Actuarial students wanting to join the ranks at entry-level, whether it be with an insurance company, consulting firm, or an investment manager, need to have passed some exams – that is a given. The optimal number of passed exams for entry is arguably at least two, while we may speculate it is going to be three or more on the horizon. Suppose you have met that mark, you are sitting on your throne (i.e. Office Depot office chair from a mad, money-saving sale), and you feel cool as a cucumber clicking your way through the applications e-highway. What else could you possibly need to demonstrate to potential employers?
Employers want to get the sense that you are a whole candidate. That is, a candidate with the resilience to navigate the exam process while also possessing some other notable attributes. Think of your doting high school counselor that always stressed the importance of being well rounded. Join a club, play a sport, work a job, or learn some life skills outside school, as they might say. Well, they were right. Actuarial managers all want to see something extra. What that is may vary by the manager, but the attributes that are most generally agreed upon are as follows:
- Participate in your school’s actuarial club.
If your school does not have one, try to start one (leadership brownie points) or at least seek out some other related club, such as one in business, economics, finance, math, or statistics.
- Contribute to your community.
Volunteer at your local food kitchen, nursing home, shelter etc. (wherever you feel most comfortable and motivated to put forth some effort). Showing that you have compassion for others and want to build up your community is a trait that employers like to see and expect you to transfer to the workplace.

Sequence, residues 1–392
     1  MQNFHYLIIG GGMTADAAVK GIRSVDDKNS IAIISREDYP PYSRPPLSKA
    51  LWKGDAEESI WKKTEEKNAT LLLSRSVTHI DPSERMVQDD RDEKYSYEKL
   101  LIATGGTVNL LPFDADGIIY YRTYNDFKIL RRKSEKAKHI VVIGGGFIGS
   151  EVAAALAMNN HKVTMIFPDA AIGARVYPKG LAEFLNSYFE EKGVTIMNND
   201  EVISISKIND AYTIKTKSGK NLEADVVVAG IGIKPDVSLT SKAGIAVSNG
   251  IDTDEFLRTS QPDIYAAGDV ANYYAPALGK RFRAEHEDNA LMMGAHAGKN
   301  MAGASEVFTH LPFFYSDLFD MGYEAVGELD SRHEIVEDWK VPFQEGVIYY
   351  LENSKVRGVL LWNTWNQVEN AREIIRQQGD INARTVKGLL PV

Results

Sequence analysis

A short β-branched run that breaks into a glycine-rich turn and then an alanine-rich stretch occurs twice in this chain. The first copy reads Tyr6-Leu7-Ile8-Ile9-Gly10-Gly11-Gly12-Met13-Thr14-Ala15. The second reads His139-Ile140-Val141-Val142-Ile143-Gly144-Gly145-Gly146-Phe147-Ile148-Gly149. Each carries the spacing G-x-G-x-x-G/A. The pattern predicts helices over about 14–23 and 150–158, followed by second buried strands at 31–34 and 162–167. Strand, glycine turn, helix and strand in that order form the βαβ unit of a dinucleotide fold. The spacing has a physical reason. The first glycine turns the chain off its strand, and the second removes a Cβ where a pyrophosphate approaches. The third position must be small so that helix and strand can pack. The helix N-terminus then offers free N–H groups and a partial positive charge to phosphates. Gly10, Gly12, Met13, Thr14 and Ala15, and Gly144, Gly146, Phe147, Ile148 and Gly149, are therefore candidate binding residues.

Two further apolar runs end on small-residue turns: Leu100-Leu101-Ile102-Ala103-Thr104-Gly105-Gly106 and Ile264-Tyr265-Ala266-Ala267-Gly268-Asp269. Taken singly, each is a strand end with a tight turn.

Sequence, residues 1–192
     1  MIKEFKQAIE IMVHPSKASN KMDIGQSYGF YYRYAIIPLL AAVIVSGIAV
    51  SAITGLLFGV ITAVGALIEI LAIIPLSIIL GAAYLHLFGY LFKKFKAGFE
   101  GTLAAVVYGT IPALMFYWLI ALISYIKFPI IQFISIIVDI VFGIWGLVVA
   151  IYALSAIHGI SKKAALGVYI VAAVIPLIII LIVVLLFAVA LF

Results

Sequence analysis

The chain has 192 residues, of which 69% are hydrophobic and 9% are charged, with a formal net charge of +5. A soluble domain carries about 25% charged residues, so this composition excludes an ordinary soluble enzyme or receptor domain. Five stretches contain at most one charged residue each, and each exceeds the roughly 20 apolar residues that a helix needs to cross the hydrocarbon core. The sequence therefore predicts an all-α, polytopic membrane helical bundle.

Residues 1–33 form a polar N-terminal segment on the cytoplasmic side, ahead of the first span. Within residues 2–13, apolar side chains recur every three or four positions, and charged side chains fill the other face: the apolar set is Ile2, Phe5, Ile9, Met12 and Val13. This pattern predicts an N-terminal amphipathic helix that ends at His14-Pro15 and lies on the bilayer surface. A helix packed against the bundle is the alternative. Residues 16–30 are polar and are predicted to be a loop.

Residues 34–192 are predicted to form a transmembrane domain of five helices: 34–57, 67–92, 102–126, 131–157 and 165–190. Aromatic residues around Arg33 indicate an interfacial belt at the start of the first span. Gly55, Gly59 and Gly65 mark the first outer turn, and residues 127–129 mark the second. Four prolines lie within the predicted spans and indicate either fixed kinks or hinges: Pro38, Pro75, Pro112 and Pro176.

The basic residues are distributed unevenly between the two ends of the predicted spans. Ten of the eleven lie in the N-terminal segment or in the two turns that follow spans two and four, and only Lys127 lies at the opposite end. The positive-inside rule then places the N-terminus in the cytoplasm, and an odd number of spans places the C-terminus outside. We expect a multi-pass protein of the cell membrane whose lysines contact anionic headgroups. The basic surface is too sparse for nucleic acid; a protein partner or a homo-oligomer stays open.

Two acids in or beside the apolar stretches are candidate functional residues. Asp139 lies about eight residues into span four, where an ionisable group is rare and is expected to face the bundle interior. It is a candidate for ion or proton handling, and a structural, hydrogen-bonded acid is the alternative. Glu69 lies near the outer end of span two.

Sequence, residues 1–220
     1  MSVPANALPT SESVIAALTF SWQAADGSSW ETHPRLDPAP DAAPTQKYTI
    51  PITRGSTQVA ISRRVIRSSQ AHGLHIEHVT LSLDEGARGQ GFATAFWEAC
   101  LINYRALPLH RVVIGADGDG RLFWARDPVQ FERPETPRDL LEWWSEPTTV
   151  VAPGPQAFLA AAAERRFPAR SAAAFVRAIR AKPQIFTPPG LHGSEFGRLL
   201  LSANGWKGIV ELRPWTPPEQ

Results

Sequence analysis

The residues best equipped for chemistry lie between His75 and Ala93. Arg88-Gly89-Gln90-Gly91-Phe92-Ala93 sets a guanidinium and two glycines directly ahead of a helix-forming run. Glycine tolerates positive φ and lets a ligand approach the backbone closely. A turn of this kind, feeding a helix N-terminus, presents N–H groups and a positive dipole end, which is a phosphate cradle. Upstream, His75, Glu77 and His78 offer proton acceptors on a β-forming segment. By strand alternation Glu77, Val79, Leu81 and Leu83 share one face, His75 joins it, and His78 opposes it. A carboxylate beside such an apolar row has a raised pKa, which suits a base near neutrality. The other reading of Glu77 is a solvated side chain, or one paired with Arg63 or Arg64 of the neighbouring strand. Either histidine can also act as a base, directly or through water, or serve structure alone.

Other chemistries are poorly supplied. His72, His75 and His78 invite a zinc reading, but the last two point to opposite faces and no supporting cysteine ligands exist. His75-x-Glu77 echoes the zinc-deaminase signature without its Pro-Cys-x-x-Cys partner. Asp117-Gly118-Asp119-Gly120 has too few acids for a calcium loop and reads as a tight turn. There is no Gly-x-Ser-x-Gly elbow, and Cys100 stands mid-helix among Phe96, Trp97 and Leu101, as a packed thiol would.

- Develop your technical skills.
This is a critical component of your wholeness. Think of Microsoft Excel as your baby; figure out as much as you can about how your baby (MS Excel) works so you two can get along well. Add on other packages, too, whether they be SAS, R, Matlab, or others, and try to document your experience using them in some way. For example, create a webpage where employers can download your code and run a script that you wrote in SAS. SQL and VBA for Microsoft Office are also great things to start reading about and getting a sense for how to apply later.
Services like edX, Datacamp, and many others online are a good resource for expanding your tech skills beyond what you find within your school curriculum. Employers will teach you a lot once you are on board, but they want to see you making some small strides on your own first.
Once you have your whole self in order, be sure to document them in your resume or cover letter somehow. Show your potential employer not only how many exams you have passed and your education & work experience, but also what essentially makes you the all-around candidate. With your club and community contributions and most certainly, your technical skills, you can make a more significant first impression.
Share your own addition to this article and attribute list in the discussion below.
- Was there something else from your job search that you think got you in the door?
- What other attributes do actuarial managers consider? How did you or would you develop those attributes?
- What attributes or skills did you first become aware of from an interview question that you then started to develop?